PortMiami dredging hinges on Army Engineers test simulation
The decision on whether to proceed with another round of dredging at PortMiami will depend on results of a harbor simulation at an Army Corps of Engineers testing facility, part of $3 million study of the port, Corps personnel said last week.
Miami-Dade commissioners in July authorized the county in fully funding the three-year study, which commenced in September when the Corps executed the agreement.
A month later, the Corps hosted a public meeting to discuss the project’s scope and a potential timeframe if additional dredging is warranted.
The Corps is now running a hydrodynamic model demonstration “to evaluate necessary design changes to the channel,” including feedback on the effects of different deepening and widening measures, said project manager Laurel Reichold.
“What we do is perform ship simulations where we [invite] the harbor pilot to our Engineering Research and Development Center [in Vicksburg, MS], and they go into an actual simulator and simulate bringing in ships – different sizes [depending on their purpose],” she said.
Findings from the simulation, said planning lead Ashleigh Fountain, will help the Corps to accurately estimate potential costs based on benefits developed through additional dredging, as determined by economists analyzing variables such as how long vessels take to enter, load and unload, turn and leave the port.
Those variables and their associated cost benefits will then be compared with economic models in which no changes are made to the port, after which the Corps will tentatively select a plan.
“What all of this equates to is transportation cost savings that we’ll try to evaluate in a ‘future with’ project condition compared to a ‘future without’ project condition,” she said. “The ‘future without’ project model has not yet been developed; we’re in the process of getting that information from our port users.”
To develop a plan for how to proceed with concern for natural resources in and around the port that could be affected by additional dredging, Ms. Reichold said the Corps will be coordinating with several “sister” federal agencies, including the National Marine Fisheries and US Fish and Wildlife services.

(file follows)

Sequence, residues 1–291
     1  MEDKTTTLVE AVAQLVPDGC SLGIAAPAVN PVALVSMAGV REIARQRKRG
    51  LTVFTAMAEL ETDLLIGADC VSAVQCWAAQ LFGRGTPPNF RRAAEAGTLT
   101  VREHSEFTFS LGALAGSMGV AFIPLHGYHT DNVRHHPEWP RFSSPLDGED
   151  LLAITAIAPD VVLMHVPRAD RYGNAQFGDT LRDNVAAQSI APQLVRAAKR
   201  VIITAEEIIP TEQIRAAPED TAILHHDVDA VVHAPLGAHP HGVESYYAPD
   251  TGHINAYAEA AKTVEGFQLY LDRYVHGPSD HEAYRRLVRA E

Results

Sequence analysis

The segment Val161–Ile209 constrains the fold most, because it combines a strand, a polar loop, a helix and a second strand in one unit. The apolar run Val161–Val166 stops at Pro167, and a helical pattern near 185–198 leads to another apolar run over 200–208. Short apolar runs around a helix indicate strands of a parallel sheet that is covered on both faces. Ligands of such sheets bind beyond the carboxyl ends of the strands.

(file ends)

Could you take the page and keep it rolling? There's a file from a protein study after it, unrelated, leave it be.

“[This is so we’ll know] what additional data needs to be collected, hopefully this summer, that will help us inform what resources are out there and potential improvements to them,” she said.
During the November public meeting, several concerned residents and environmental advocates complained that sediment from the port’s last dredging, concluded in 2015, was the cause of severe coral die-off in the area – not disease, as the Corps reported.
Rachel Silverstein, executive director of nonprofit Miami Waterkeeper, pointed to subsequent findings that “found, conservatively, that over 560,000 corals were killed,” including 80% of all small coral within 500 meters of the channel.
“It drives us crazy, frankly, that the Corps continues to try to blame the destruction and reefs buried under sediment on a disease event,” she said. “Disease does not cause coral to be buried under sediment.”
To address concerns like Ms. Silverstein’s and prevent a repeat of events, the Corps is examining how to more accurately and quickly monitor conditions while dredging to better detect problems, Ms. Reichold said.
“There are means and methods we’re considering – alternatives for construction of the project, minimizing the potential for sediment, to get into the environment on the front end, [and] there are different types of dredging techniques we’re looking at,” she said, adding that the Corps will hold future meeting to hear from and inform the public. “We took [what was said at that meeting] to heart.”
Spokesperson Susan Jackson said the Corps also hosted a Port Everglades meeting to further discuss alternative port improvement methods and practices, including halting dredging during spawning season and consulting outside experts.
Ms. Reichold said they’ve looked to Australia and its preservation of the Great Barrier Reef as an example of dredging standards the Corps may apply.
The port study is set to conclude in September 2021.